Reporting from Washington — The Obama administration named Coast Guard Rear Adm. James A. Watson IV, who ran the federal response to the Deepwater Horizon oil spill, as the new top monitor of safety and environmental practices in the offshore energy industry.
Watson is scheduled to take up his post Dec. 1 as the new director of the Bureau of Safety and Environmental Enforcement, replacing interim director Michael Bromwich.
The Obama administration brought in Bromwich after the Deepwater Horizon drill rig exploded in the Gulf of Mexico, killing 11 workers and spewing nearly 5 million barrels of oil into the ocean in the country's worst offshore environmental disaster.
The spill revealed the conflicts of interest and sometimes spotty oversight that plagued the Minerals Management Service, the agency responsible for offshore energy development. Bromwich reorganized the service into three agencies with separate functions: revenue collection from offshore energy projects; environmental analysis and leasing of offshore blocks; and in the case of the new bureau, development and enforcement of beefed-up environmental safeguards.
Industry and environmental groups cautiously welcomed Watson's appointment, though several said they knew little about him.
"We look forward to working with Rear Adm. James A. Watson in his new position as we continue to advance safe and environmentally responsible operations, meet increasing energy demand and bolster domestic energy production while supporting millions of jobs in a time of continued global uncertainty," said Erik Milito of the American Petroleum Industry.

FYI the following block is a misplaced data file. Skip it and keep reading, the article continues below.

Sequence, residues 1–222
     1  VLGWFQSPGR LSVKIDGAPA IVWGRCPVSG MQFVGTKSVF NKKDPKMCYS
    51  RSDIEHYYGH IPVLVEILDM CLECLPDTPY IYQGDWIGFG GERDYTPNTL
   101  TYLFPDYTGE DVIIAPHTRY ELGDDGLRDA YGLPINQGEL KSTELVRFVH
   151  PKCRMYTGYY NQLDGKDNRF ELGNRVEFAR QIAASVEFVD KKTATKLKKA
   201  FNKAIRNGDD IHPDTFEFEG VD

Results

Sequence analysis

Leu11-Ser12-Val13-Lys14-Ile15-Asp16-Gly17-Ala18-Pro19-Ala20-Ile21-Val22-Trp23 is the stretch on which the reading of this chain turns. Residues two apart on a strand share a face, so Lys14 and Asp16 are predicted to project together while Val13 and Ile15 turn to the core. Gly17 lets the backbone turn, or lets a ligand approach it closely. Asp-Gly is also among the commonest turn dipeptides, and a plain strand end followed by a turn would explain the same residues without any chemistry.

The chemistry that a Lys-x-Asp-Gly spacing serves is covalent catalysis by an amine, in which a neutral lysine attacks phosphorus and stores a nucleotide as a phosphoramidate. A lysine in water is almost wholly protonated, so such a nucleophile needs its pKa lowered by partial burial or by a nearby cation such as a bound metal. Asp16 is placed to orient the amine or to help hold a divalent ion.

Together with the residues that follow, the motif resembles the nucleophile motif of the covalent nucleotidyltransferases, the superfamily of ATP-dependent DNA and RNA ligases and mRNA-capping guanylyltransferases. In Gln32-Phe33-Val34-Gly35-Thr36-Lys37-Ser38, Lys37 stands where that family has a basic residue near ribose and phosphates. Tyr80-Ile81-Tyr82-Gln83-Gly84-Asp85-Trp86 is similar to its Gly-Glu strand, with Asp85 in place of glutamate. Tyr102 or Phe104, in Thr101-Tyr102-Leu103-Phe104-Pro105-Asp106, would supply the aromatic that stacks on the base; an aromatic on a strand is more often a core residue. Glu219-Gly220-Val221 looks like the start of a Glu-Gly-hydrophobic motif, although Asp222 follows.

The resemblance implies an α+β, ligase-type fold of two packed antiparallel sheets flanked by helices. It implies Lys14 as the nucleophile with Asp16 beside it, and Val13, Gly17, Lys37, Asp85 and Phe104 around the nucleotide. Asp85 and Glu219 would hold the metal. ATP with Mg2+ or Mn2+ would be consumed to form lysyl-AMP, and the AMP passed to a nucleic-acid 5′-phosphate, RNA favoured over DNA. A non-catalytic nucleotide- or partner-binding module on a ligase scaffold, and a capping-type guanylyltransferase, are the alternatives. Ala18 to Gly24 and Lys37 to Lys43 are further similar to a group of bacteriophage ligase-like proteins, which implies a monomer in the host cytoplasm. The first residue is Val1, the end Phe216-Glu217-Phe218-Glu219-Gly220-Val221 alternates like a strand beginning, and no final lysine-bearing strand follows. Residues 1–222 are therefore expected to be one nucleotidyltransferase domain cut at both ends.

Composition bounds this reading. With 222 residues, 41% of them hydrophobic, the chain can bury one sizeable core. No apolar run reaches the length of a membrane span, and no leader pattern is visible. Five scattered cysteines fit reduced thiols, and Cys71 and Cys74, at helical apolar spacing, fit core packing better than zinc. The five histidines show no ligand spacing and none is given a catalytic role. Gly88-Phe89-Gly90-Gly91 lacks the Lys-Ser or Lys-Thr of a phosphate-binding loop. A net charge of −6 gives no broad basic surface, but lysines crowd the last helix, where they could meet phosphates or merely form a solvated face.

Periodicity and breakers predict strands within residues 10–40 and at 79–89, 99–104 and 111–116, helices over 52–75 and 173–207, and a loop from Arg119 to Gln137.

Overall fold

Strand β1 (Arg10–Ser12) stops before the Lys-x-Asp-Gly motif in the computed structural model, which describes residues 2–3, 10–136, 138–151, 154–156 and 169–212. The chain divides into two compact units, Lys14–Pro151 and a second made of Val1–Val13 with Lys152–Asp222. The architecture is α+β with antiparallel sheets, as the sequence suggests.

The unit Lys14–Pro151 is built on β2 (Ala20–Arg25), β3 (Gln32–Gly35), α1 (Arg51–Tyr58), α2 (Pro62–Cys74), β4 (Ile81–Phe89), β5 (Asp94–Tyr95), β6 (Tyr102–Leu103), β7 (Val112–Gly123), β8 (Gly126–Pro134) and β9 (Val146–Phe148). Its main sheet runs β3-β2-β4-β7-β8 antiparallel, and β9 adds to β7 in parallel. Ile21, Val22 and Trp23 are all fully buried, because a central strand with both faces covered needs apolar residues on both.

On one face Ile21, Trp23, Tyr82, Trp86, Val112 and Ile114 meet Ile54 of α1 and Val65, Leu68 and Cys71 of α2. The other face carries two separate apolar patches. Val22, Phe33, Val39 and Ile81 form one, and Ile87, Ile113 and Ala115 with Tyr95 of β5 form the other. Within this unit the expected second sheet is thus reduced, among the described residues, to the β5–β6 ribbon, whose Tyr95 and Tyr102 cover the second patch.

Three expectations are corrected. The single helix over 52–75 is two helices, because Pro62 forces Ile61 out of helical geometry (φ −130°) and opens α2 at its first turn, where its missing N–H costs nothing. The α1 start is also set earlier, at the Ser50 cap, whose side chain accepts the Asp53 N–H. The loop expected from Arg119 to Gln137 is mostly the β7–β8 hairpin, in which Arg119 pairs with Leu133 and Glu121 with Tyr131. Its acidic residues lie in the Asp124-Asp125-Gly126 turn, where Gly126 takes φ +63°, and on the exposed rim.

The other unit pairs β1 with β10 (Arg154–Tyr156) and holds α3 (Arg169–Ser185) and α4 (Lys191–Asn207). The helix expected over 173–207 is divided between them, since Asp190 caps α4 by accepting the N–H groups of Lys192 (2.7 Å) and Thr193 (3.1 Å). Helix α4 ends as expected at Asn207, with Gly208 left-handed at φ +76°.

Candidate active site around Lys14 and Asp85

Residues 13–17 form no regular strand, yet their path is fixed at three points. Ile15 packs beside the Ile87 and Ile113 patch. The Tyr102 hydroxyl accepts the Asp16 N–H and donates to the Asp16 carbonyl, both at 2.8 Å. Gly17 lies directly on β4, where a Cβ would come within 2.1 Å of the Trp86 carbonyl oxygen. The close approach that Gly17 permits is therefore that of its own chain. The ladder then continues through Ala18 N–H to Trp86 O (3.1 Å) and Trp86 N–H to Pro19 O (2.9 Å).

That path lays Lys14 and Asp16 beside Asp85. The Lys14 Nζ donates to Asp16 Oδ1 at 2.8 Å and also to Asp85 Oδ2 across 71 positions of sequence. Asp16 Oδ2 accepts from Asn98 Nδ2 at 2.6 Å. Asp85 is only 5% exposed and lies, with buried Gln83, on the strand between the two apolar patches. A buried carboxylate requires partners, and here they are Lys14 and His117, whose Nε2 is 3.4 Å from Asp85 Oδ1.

His experience handling what began as a chaotic response to the spill left some environmentalists hopeful.
"We like that that they took someone out of the Macondo spill chaos, especially from the Coast Guard, which everyone would probably say acquitted itself very well," said Elgie Holstein, senior director for strategic planning at the Environmental Defense Fund and former chief of staff at the Energy Department. "It stands us all in good stead that he's been through something like this."
Watson's biggest challenges may come from outside the newly revamped agency. More than a year and a half after the spill, Congress has yet to allocate the funds the agency needs to boost its ranks of inspectors substantially or to pass laws that would levy stiffer penalties on companies responsible for oil spills.